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Posted 12/6/2017

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By Sean McBride


What are your options if you want a farm but you only own a quarter of an acre of land? You could go visit a farm or a petting zoo. You could play Farmville on Facebook. Or you could get into a hobby like beekeeping that gives you a sense of farming in a small area. After growing up with family farms in North Pennsylvania, Brad Ryczko chose the latter.

“Bees don’t take up much land and are a very low-maintenance agricultural product,” said Ryczko. “But they are much more technical than raising livestock.”

In the summer of 2016, Ryczko, who lives on Johns Island, purchased one bee hive with about 3,000 Italian honeybees from a local beekeeper. He was interested in the process and has learned a lot. Clearly he has been doing it right considering that after one year he now has nine hives and approximately 270,000 bees. He’s done that through standard splitting and grafting, which are two processes for raising new queen bees and expanding your hives.

“A standard split is where you literally split a hive in half and the bees have to naturally raise a queen on the new side,” said Ryczko. “It’s easy because you have to split hives anyway in order to avoid swarming, but it has a proven success rate of producing a good hive.”

When grafting, Ryczko pulls out 24-hour-old bee grubs and puts them in what is called a queen cup. He stacks those cups in a hive and the worker bees try to convert them to queens. Queen bees are much bigger than worker bees because they have full ovaries after being raised with special “royal jelly” from the workers. Through this process, Ryczko recently pulled 96 grubs and ended up with 78 surviving queens. He kept a few for his reserve and gave the rest away, which is an interesting process in its own.

“The USPS has special training to handle pollinators because they are so integral to our country,” said Ryczko. “I mail virgin queens to other beekeepers who then mate them with bees from their area. This way, the babies are more likely to survive because they have genetics that are necessary for that area.”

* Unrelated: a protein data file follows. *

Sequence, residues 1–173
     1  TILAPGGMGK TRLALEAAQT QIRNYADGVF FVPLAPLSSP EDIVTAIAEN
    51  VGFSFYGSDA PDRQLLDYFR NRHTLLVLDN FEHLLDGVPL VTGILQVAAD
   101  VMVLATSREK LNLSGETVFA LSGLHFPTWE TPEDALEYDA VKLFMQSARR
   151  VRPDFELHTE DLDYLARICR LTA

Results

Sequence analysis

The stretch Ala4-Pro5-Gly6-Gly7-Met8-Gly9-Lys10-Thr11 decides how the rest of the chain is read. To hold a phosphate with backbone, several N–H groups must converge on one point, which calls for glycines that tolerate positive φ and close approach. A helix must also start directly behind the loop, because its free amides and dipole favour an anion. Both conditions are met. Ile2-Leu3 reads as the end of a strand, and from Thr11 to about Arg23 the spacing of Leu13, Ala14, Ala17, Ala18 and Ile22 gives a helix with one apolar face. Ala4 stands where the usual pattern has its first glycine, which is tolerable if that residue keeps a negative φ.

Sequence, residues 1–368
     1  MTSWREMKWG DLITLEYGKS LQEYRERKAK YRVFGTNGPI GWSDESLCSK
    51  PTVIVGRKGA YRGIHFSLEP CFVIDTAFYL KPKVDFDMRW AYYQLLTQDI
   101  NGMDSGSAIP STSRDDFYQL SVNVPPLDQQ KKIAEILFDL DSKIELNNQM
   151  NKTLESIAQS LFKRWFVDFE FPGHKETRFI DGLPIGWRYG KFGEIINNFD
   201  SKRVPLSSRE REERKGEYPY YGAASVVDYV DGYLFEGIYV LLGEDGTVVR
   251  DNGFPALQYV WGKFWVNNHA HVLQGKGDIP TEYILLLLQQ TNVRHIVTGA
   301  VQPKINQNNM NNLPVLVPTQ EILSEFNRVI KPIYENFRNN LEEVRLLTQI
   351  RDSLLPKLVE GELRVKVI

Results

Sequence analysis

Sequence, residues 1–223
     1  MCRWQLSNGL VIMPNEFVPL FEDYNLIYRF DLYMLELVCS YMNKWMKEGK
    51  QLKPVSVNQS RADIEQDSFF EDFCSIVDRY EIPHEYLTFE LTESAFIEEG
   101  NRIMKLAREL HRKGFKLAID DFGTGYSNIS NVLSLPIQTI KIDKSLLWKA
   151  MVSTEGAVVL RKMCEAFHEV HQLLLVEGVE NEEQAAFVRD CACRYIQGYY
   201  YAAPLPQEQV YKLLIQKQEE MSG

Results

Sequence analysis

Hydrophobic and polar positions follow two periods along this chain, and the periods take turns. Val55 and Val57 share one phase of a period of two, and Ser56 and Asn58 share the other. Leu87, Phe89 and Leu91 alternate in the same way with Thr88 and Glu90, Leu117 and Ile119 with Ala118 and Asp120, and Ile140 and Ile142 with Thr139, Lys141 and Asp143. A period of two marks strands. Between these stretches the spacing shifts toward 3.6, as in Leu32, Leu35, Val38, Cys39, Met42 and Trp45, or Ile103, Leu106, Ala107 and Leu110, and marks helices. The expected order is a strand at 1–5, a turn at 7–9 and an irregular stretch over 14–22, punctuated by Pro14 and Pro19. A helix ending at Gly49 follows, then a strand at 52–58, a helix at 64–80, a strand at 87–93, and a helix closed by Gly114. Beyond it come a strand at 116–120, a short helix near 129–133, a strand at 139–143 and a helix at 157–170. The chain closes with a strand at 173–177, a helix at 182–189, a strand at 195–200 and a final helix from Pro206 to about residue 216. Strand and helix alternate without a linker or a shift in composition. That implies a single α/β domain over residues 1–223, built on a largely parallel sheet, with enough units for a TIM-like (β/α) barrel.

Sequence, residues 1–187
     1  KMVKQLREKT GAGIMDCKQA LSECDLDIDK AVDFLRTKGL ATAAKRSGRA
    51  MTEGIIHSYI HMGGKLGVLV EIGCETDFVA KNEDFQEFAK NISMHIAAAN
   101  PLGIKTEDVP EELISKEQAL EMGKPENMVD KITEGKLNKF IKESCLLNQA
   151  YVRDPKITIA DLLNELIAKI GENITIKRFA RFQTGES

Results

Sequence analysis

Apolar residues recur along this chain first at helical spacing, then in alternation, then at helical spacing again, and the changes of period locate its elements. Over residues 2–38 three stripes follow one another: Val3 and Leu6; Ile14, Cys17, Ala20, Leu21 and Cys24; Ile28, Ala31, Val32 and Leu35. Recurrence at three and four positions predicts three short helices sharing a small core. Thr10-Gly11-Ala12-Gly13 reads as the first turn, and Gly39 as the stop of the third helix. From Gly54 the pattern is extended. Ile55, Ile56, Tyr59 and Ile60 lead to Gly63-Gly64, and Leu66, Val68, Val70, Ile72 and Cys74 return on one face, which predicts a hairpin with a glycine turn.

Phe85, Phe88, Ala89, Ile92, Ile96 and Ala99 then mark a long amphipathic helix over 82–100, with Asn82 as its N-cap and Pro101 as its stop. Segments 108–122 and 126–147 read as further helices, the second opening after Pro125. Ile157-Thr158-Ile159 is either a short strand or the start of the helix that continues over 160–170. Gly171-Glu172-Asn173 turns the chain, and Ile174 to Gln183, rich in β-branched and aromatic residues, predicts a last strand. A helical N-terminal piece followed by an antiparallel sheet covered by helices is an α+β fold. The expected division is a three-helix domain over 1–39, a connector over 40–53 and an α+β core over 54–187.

Most of the time, Ryczko lets them go about their own democratic processes to make honey and raise queens. He spends about eight hours a month grafting or harvesting honey. Ryczko says that while the honey is tasty, the real reason to remove it is that if you don’t take the honey out, the bees will leave to make honey elsewhere. He calls it a “mutually beneficial” process so that they stay.

“You’re simply supporting nature,” said Ryczko. “Beekeeping is really bee-negotiating. You can’t force the bees to stay, so you try to make life better for them.”

Over the last year, the Charleston District began the first federal pollinator program in South Carolina by installing five hives and a pollinator garden at the Cooper River Rediversion Project. Ryczko says that those bees are very important because they have a completely natural environment that helps the flowers grow better, which helps the bees grow better.

“Pollinators are a huge deal,” says Ryczko. “Pesticides are killing bees everywhere and we’re helping them populate. People don’t realize the impact that just one bee hive in a backyard can have. Commercial keepers have to send their bees to other places for commercial pollination. Bee hobbyists are what is keeping the bee pollination going in their local area.”

Ryczko plans to keep his hobby going by selling hives in the future. Every winter, about half the hives will die, so he will keep splitting until he’s back to 10 and then sell the rest. He isn’t trying to make money, but just trying to help other people get into the hobby. Success is his number one goal, and as he and the Corps continue to pollinate the Lowcountry, success will be achieved.

Pollination